P. 358.

. Fol. 44.

+(Mr. Headley, a very able critic, • Nærix in mortem T. Viati, Lond. was of opinion that Sir T. Wyat deserves 1542. 4to. See also Leland's Encom. equally of posterity with Surrey, for the

diligence with which he cultivated polite (The following epitaph from Le- letters, although in his verses he seems to land, as it is short and the book very have wanted the judgement of his friend, scarce, may here be appended :

who in imitating Petrarch resisted the Urna tenet cineres ter magni parva Viali; contagion of his sweets. -Park. ] Fama per immensas sed volat alta

j plagas.


that age, are ceremonious and strained. He has too much art as a lover, and too little as a poet. His gallantries are laboured, and his versification negligent. The truth is, his genius was of the moral and didactic species: and his poems abound more in good sense, satire, and observations on life, than in pathos or imagination. Yet there is a degree of lyric sweetness in the following lines to his lute*, in which, The lover complaineth the unkindness of his love.

My Lute awake, performe the last
Labour, that thou and I shall wast;
And end that I have now begonne:

And when this song is sung and past,
My lute be still, for I have done.

As to be heard where care is none,
As leade to grave in marble stone;
My song, may pearse her hart as sone.
Should we then sigh, or sing, or mone?
No, no, my lute, for I have done.

The rockes do not so cruelly
Repulse the waves continually,
As she my sute and affection:
So that I am past remedy.
Wherbyf my lute and I have done.

Proude of the spoile that thou has gotte
Of simple hartes, through Loves shot,
By whom unkind! thou hast them wonne;
Thinke not he hath his bow forgot,
Although my lute and I have done.

Vengeance shall fall on thy disdaine,
That makest but game on earnest paine:

• [This harmonious and elegant poem, Dr. Nott conceives it does not belong in one of the Harrington Mss. dated to Lord Rochford, but to Sir Thomas 1564, is ascribed to viscount Rochford, Wyatt. See his edition of Surrey, &c. for an account of whom, see the follow- - Park.) ing section. Mr. Ashby remarks that wherefore, it is almost a translation from Horace.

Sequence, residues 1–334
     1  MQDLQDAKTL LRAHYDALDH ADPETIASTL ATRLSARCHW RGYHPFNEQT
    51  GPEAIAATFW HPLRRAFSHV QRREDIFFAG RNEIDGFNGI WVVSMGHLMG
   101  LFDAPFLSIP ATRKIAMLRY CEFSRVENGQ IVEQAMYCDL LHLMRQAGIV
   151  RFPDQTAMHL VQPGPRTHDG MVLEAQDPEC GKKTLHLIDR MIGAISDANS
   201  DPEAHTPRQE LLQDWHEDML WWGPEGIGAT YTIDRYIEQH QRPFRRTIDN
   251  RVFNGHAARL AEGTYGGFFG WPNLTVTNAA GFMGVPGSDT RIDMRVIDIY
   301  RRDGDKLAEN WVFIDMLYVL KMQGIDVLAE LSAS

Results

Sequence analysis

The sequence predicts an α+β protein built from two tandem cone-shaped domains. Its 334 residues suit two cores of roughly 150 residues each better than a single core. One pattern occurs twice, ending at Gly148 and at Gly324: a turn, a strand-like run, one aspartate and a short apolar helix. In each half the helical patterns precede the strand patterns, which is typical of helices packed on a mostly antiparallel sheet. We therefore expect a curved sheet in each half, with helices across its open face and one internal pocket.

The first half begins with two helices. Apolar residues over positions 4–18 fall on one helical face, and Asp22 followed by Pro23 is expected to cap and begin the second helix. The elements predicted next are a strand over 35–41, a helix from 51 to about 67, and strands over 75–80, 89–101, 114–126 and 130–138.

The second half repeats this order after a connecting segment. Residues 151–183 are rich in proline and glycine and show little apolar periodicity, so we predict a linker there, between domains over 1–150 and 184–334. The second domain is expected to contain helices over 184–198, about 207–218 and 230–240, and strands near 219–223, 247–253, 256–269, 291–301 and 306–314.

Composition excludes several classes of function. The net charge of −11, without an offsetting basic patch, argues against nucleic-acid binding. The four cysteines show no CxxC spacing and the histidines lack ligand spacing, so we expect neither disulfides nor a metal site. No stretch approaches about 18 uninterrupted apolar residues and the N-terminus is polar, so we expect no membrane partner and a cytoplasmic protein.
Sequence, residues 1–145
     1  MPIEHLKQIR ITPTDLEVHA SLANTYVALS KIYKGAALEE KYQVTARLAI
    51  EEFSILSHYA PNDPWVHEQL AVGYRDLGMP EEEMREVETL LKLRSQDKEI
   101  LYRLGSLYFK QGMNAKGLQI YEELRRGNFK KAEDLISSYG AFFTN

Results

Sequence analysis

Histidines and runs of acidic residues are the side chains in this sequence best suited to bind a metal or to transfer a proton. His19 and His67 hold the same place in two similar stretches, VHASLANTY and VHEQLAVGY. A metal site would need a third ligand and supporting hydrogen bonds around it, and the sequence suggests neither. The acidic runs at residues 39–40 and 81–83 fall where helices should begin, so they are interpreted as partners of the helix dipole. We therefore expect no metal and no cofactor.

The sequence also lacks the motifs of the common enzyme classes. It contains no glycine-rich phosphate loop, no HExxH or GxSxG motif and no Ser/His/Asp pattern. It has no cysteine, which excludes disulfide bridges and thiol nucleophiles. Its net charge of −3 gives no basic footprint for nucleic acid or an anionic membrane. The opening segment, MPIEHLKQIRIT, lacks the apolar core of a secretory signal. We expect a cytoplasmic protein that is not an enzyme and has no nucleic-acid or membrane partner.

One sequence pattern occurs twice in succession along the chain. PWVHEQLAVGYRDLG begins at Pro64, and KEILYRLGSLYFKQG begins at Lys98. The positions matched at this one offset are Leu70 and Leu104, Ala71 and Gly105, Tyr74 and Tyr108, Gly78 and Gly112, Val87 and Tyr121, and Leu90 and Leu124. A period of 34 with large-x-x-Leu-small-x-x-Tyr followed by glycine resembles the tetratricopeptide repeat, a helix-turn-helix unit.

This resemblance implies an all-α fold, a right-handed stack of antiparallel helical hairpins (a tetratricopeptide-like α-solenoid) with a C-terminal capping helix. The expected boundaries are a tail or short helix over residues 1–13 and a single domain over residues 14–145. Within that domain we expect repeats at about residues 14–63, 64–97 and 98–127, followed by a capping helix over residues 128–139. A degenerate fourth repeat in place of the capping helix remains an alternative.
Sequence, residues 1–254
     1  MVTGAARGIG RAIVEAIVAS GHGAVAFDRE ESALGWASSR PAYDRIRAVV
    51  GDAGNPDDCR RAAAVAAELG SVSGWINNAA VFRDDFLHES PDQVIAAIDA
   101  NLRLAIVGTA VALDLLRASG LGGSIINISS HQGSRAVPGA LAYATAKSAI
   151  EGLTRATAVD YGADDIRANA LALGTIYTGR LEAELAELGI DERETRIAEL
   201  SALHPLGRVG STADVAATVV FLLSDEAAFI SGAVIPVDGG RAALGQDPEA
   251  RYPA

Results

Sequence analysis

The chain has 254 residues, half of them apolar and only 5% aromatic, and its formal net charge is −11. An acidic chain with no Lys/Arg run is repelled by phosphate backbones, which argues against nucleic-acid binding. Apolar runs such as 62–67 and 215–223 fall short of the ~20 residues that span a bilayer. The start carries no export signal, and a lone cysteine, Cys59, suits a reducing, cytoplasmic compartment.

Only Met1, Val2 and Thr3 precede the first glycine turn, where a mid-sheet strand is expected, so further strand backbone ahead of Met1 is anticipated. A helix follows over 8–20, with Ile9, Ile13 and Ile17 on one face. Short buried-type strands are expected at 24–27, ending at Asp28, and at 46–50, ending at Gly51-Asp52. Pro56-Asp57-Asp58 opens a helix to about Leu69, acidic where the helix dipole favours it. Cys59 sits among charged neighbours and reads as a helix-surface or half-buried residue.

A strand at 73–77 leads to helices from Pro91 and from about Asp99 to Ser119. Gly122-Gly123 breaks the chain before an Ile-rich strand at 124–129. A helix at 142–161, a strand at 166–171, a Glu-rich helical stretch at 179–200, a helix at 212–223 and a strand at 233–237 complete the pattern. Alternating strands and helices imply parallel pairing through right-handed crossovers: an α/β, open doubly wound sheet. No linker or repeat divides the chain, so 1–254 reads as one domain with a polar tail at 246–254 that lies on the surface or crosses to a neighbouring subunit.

Thinke not alone under the sunne
Unquits to cause thy lovers plaine:
Although my lute and I have done.

May chaunce thee h lie withered and olde
In winter nightes that are so colde,
Plaining in vaine unto the monei:
Thy wishes then dare not be tolde:
Care then who list, for I have done.

And then may chaunce thee to repent
The time that thou hast lost and spent,
To cause thy lovers sigh and swowne;
Then shalt thou know beautie but lent,
And wish and want as I have done.

Now cease my lute, this is the last
Labour, that thou and I shall wast;
And ended is that that we begonne.
Now is this song both sung and past,

My lute be still, for I have done. * Our author has more imitations, and even translations, from the Italian poets than Surrey: and he seems to have been more fond of their conceits *. Petrarch has described the perplexities of a lover's mind, and his struggles betwixt hope and despair, a subject most fertile of sentimental complaint, by a combination of contrarieties, a species of wit highly relished by the Italians. I am, says he, neither at peace nor war. I burn, and I freeze. I soar to heaven, and yet grovel on the earth. I can hold nothing, and yet grasp every thing. My prison is neither shut, nor is it opened. I see without eyes, and I complain without a voice. I laugh, and I weep. I live, and am dead, Laura, to what a condition am I reduced, by your cruelly ! Pace non trovo, e non ho da far